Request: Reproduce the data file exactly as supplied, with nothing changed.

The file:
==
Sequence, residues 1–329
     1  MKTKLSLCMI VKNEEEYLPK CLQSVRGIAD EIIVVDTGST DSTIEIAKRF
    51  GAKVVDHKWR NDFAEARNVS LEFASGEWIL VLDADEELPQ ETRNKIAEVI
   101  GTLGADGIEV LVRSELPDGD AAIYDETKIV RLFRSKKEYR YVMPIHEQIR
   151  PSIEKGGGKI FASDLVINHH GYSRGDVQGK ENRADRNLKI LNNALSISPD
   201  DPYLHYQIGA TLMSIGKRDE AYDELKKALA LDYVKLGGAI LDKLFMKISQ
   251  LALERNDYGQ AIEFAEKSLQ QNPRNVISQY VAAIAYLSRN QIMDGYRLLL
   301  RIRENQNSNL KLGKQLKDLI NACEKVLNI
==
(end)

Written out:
Sequence, residues 1–329
     1  MKTKLSLCMI VKNEEEYLPK CLQSVRGIAD EIIVVDTGST DSTIEIAKRF
    51  GAKVVDHKWR NDFAEARNVS LEFASGEWIL VLDADEELPQ ETRNKIAEVI
   101  GTLGADGIEV LVRSELPDGD AAIYDETKIV RLFRSKKEYR YVMPIHEQIR
   151  PSIEKGGGKI FASDLVINHH GYSRGDVQGK ENRADRNLKI LNNALSISPD
   201  DPYLHYQIGA TLMSIGKRDE AYDELKKALA LDYVKLGGAI LDKLFMKISQ
   251  LALERNDYGQ AIEFAEKSLQ QNPRNVISQY VAAIAYLSRN QIMDGYRLLL
   301  RIRENQNSNL KLGKQLKDLI NACEKVLNI